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Burden of Proof

Updated: Mar 4

It does not please the Court

The Economy's Deceleration Isn't Yet Enough to Warrant Rate Cuts

Inflation Under the Microscope

Christopher Waller, a recent appointee to the Federal Reserve Board of Governors, has publicly questioned the case for interest rate cuts. In Latin, the saying goes semper necessitas probandi incumbit ei qui agit, or that the necessity of proving the merit of a charge should always fall on she or he would bring it. In other words, it is those arguing for lower interest rates that must offer proof of fact that interest rates are unnecessarily high.

We wrote last time that the United States economy has been slowing since the fourth quarter of 2023, and that we have no reason to expect that its deceleration is marked enough as yet to warrant a cut in interest rates. Though last week's Consumer Price Index showed a reacceleration in the rate of inflation, we opined that the numbers were likely the result of mismeasurement and didn't reflect underlying price dynamics. Counseling patience, we advised waiting until we received the results of the Bureau of Economic Analysis' Personal Consumption Expenditures data for confirmation of the rate and direction of inflation. This is a critical data set because it tells us two things about the economy: first, it tells us what was spent by consumers, which as we've written before accounts for 70 cents of every dollar spent in America; second, it tells us what income was earned, which is a pretty decent leading indicator of future spending. The data were elucidating but not revelatory.

.23% increase in consumption

We saw a small increase in consumption in January of .23% which works out to be an annualized rate of about 2.8%. While still above the Fed's stated 2% goal, it's below 3%, which is consistent with falling inflation (disinflation, or a slowing rate of inflation). We shouldn't place too much faith in tenths of a percent, however, as these are merely samples and are safely protected from prying minds by a near-impenetrable shield of error. So, we tend to pay more attention to trends than levels, and the trend has been consistently downward.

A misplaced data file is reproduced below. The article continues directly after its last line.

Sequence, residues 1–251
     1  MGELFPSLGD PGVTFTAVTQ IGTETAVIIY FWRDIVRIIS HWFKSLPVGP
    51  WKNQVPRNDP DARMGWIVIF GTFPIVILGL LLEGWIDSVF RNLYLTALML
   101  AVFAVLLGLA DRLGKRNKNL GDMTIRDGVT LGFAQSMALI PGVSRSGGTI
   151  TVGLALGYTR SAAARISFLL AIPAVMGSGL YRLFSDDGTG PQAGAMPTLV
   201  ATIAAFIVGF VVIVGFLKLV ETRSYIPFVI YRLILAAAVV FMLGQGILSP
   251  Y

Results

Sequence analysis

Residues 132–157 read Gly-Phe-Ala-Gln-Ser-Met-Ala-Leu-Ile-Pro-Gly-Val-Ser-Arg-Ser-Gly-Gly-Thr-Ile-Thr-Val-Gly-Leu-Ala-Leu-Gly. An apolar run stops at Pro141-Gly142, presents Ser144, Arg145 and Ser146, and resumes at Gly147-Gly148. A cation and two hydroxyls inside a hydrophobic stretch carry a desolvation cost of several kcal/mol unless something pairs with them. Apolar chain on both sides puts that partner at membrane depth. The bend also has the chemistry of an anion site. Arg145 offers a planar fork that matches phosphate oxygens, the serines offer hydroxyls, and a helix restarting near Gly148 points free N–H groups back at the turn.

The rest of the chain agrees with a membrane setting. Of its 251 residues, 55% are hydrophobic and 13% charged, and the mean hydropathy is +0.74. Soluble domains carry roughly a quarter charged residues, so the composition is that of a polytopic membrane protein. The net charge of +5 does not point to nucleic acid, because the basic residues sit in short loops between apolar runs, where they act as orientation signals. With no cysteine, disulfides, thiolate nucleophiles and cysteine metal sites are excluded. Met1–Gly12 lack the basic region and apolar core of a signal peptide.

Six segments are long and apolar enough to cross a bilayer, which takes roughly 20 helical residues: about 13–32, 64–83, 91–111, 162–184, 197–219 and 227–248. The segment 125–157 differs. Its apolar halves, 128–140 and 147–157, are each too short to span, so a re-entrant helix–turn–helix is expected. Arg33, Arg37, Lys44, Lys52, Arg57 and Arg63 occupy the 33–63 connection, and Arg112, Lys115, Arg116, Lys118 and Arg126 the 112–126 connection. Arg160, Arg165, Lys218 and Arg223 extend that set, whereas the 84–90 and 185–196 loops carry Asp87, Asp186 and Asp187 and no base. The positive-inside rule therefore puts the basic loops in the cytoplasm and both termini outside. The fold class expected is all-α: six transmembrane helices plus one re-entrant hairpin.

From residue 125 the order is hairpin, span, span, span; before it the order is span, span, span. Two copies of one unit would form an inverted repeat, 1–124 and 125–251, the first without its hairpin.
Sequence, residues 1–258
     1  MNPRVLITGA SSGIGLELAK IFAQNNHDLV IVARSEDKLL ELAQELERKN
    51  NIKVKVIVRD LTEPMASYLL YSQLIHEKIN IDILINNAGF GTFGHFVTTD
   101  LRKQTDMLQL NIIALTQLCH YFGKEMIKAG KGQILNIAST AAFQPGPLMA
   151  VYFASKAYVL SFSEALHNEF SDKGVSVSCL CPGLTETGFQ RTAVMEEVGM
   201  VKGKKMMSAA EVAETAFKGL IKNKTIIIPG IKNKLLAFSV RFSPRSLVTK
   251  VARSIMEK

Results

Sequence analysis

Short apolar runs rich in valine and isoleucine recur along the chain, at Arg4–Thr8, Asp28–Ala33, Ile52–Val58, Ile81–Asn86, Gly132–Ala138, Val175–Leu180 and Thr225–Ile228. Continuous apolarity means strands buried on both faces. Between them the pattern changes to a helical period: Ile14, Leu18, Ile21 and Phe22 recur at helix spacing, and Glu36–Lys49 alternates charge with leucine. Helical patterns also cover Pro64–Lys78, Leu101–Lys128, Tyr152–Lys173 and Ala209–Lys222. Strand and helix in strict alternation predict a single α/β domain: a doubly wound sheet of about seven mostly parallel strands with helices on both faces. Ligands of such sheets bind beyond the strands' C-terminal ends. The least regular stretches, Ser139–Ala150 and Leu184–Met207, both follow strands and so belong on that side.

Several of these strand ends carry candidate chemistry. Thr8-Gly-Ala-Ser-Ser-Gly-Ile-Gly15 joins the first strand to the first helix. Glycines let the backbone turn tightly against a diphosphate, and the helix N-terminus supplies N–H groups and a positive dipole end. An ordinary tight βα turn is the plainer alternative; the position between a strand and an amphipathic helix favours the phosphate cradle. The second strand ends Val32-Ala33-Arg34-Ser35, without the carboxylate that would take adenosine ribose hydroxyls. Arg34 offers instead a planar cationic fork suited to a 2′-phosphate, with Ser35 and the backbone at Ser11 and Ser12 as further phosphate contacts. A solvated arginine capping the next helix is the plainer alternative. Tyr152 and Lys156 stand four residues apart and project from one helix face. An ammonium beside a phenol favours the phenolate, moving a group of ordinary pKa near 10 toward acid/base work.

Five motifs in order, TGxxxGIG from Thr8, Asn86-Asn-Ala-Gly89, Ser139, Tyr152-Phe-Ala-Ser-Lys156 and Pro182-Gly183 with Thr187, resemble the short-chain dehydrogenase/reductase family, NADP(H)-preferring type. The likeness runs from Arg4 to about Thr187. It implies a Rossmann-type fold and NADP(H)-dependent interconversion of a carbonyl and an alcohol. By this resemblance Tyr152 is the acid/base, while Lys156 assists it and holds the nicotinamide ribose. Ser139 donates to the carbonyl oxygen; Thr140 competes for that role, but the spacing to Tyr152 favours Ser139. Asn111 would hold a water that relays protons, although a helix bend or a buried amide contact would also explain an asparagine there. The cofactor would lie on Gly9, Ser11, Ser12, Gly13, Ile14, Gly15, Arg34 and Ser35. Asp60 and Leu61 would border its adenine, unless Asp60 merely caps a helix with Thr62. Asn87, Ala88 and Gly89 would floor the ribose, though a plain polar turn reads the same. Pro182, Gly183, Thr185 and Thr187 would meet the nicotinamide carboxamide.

When we adjust for the change in prices, we see that the change in consumption was actually slightly contractionary, registering .11% in the month of January on a seasonally-adjusted basis. This means that adjusted for inflation and the typical pullback in spending in January, Americans spent a bit less. This is no reason for alarm. As you can see in the chart below, this happens from time to time, and the decline in spending is well within recent ranges that have seen economic expansion.

Real PCE shrank .11%, or 1.3% annualized

When we look at the Federal Reserve's preferred measure of inflation, we see that inflation came in higher on a month-over-month basis, at .35% or 4.3% annualized. That's still a pretty normal rate of change on a monthly basis, as you can see in the chart below.

Inflation as measured by the PCE was .35%, or 4.3% annualized

When we look at the year-over-year change, prices have risen 2.4%, much closer to the Fed's target, and probably a cause of some relief within the halls of the US's Central Bank.

Taken together, contracting real spending and lower year-over-year price inflation indicate that the Fed's restrictive interest rate policy is having its intended effect.

PCE Price Index up 2.4% year-over-year

These measures are for prices in general, but these also contain volatile food and energy prices that contribute to volatility in the measure. For this reason, we seek out measures of core inflation that exclude volatile prices to try to isolate price signal. First, let's examine inflation with Food and Energy prices stripped out. Using this measure, we see that inflation rose to 2.85% year-over-year.